We do not know from this study whether the home restrictions facilitated movement into the preparation phase or vice versa, as information on both of these variables was collected from the cross sectional baseline survey. On the one hand, household restrictions may lead to preparation by decreasing the convenience of smoking; on the other, those in preparation and already thinking of quitting may be more inclined to establish a household restriction. Although further studies might clarify the direction of this association for purposes of public health interventions, the fact remains that in either event the combination of the ban and preparation was more highly associated with cessation than the preparation stage alone.
We found that household smoking bans were associated with increased quit attempts. Furthermore, full bans were associated with a longer duration of those attempts and more frequent sustained abstinence at follow up, as long as the smoker intended to quit in the short run. Further research on this link is important because of potential applicability in both client focused settings and population based approaches. In clinical and help-line settings where smokers are screened for readiness to quit, health care providers could encourage household restrictions, if these restrictions continue to show promise as an aid to quitting. Also, if further studies confirm the relation, mass media messages that target smokers and non-smokers alike could emphasise both the secondhand smoke protection message and the possibility that restrictions might assist the smoker in the long process of successfully becoming a non-smoker.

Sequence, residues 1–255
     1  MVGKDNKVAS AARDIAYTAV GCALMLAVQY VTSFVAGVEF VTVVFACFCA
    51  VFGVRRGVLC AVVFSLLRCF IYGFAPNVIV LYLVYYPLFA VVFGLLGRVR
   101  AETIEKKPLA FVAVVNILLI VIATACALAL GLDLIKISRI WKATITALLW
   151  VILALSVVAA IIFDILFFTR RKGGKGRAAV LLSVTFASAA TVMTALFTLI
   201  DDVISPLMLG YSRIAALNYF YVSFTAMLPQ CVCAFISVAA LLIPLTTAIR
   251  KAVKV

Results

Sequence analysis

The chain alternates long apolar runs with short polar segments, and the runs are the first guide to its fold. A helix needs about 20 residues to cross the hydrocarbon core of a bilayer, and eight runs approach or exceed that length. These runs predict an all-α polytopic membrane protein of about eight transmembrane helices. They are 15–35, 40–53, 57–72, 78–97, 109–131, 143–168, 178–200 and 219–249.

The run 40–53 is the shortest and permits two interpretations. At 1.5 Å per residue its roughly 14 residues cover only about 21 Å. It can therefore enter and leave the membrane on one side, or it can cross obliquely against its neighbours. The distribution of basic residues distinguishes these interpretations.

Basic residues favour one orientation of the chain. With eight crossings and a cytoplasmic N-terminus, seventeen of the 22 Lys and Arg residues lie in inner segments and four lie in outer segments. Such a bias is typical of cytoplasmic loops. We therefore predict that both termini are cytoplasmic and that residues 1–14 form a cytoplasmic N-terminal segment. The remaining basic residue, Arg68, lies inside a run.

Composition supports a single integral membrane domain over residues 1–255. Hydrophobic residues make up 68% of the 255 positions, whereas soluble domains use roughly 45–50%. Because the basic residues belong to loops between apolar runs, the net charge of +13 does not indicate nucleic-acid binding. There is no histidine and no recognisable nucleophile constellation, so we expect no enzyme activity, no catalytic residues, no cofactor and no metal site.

What this paper adds
Several cross sectional studies have documented an association between home smoking bans and reduction in smoking related behaviours (lighter smoking, cessation, reduced risk of relapse). To our knowledge, however, no report has examined this relation longitudinally.
This follow up study suggests that among smokers who are preparing to quit, those living with full bans may subsequently quit more often than those living without them. If further research should show this association to be causal, the promotion of smoking bans could be useful in both client focused and population based approaches to smoking cessation.